Possibly. I suspect it unlikely. That would suggest to me a more fundamental difference in brain structure between men and women and Luders' paper suggest that though there are significant differences in brain gray matter between women and men they were not on the order of 3% of total mass. That's a lot.of grams.

We can also look at the difference in samples between the two studies. Luders' paper used brain scans of living men and women. Scheoneman's work used post mortem brains. Could there be a difference between the way men and women's brains reacted to preservation.

This is a really good question and I don't have a good answer for it. Tissues do react differently to preservation. However, Luders' work again didn't show a lot of structural differences between men and women and I think we could presume that gross biochemical differences, at least on the order of tissue differences, between the brains of men and women would show up before now.  So, again, I'll say unlikely.

That leaves us with a significant difference in brain sizes between men and women, relative to body size.Why? Brain tissue is extremely expensive. We can't use Luders' paper for this one: she didn't find anything that was significantly larger in men's brains compared to women's. We're back to speculation.

Well, I'm a science fiction writer. Speculation is what I do best.

I keep going back to the chimp data. We can make all sorts of cognition comparisons between men and women but that number (human 3%, chimp 4%) is astonishingly similar. It suggests that whatever the reasons for brain size difference between men and women they're likely the same for chimps. It's not language processing or SAT scores. It's something much more fundamental.

Well, one idea that leaps to mind is that we're wrong in how we're evaluating brain size/body size relationships. We're presuming a linear proportion. I.e., if the body is 10% bigger we're expecting a 10% bigger brain. It's possible that the proportion (at least in the great apes) is non-linear. Instead of y=mx it's y=x**m. This could probably be modeled across primates and determined. But that is not this day. Besides, I'm and SF writer. A simple mistake in proportion would never get me a story.

While I was working on this post another idea suggested itself to me. Let's think about sex at a very basic level. You have two animals that are looking out for their own survival. It may not be in the interest of their personal survival to have a sexual encounter. However, it is in the interest of their species survival that the sexual encounter occur. Think spiders. A male spider that is coming to mate with a female has to signal to her that he is not prey otherwise he might get eaten. There is a tension between individual needs and species needs.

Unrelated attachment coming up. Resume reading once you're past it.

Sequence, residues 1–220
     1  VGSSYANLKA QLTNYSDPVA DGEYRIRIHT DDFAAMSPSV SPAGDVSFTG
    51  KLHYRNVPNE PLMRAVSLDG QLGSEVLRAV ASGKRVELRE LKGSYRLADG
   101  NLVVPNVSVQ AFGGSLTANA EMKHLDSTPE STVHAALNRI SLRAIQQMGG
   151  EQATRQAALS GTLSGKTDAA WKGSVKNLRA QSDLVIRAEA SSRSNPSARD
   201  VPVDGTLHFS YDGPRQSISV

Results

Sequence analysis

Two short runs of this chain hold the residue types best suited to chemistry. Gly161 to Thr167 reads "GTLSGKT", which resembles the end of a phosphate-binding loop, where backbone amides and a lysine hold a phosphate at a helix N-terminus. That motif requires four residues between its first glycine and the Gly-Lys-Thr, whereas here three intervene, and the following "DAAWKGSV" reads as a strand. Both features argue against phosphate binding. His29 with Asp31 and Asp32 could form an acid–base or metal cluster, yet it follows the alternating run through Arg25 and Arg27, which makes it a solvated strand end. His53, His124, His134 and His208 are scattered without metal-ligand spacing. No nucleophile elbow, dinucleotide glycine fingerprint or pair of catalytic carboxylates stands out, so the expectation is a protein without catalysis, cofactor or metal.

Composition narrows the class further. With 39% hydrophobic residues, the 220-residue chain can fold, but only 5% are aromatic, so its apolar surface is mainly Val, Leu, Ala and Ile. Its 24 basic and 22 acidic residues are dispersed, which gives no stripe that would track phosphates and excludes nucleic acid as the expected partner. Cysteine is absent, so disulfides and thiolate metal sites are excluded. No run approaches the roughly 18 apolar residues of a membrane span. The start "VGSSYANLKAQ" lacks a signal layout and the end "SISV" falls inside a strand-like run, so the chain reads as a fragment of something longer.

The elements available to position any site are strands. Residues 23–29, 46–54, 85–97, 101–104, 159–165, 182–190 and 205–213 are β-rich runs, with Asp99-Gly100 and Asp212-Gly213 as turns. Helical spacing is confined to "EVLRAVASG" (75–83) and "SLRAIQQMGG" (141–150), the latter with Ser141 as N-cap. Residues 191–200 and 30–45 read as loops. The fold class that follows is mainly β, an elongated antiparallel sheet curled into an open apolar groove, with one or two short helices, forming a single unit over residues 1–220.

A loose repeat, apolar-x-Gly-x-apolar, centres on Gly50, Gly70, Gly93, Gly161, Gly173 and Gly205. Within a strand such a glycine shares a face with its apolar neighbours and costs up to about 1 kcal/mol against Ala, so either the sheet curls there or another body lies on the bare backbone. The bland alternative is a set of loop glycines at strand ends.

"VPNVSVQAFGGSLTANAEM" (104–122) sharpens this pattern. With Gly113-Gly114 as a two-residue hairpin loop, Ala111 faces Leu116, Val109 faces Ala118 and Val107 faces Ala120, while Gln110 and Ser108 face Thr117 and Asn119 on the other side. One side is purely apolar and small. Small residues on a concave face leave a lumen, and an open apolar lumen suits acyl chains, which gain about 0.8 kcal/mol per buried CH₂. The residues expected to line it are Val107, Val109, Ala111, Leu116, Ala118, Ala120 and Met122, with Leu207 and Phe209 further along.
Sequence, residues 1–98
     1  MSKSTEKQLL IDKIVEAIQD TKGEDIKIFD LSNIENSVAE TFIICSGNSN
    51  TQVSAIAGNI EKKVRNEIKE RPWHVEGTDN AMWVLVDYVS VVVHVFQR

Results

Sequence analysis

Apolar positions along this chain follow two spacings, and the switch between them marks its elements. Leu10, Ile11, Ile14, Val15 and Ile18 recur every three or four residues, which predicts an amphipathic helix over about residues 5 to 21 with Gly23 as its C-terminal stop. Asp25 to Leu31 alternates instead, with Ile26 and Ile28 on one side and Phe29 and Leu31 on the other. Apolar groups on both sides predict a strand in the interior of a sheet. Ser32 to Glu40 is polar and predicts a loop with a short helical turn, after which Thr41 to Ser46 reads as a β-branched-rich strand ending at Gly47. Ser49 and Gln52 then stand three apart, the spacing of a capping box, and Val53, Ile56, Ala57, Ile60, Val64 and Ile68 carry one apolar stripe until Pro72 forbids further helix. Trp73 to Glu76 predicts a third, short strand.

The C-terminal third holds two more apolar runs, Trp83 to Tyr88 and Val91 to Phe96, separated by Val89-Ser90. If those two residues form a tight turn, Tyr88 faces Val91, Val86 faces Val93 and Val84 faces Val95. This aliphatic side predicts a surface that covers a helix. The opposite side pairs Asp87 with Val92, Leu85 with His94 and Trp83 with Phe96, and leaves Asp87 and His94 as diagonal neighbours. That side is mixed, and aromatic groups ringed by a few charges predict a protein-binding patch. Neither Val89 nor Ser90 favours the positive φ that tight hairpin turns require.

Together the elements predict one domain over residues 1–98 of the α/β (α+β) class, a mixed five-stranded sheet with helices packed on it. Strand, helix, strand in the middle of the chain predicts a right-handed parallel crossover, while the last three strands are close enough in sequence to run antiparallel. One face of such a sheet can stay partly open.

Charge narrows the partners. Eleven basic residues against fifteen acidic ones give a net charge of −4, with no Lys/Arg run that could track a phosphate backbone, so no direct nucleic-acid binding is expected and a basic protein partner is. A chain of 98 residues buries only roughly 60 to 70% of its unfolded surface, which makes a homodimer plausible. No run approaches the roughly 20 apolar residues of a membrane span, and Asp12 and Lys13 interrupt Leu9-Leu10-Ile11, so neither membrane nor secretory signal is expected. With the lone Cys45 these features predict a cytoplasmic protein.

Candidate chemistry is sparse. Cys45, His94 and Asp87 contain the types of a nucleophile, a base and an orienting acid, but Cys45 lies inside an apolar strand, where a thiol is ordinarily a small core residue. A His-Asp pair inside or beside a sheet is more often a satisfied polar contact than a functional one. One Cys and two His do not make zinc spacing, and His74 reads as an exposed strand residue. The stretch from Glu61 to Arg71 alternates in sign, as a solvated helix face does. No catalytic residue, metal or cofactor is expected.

Think of chimps and humans-- unfortunately, I have to neglect bonobos because I don't have any data. The male of both species needs aggression to achieve dominance. The male must also turn off that aggression be able to cooperate with other males and be able to get a mating opportunity. There is aggression in chimps towards females but you don't get alpha status unless you can get the females to accept you and that requires a greater repertoire than just beating them over the head. Could the extra brain tissue in males (both chimp and human) be required to inhibit aggression?

There could be some fruitful research here. Do the bonobos have a similar proportional difference? Baboons are aggressive when they're trying to enter a new band. They're trying to get noticed by the females. As soon as they are they change behavior to gentle supplication. (See Shirley Strum's book, Almost Human, which I'm hopefully not misremembering.) Is there a brain difference there?

Regardless, as I said last time there are brain differences between men and women but they are long standing and don't have a lot to do with modern life. Luders' work says, to me, that they are greatly outweighed by the similarities.

I hope I derived the hell out of that equation.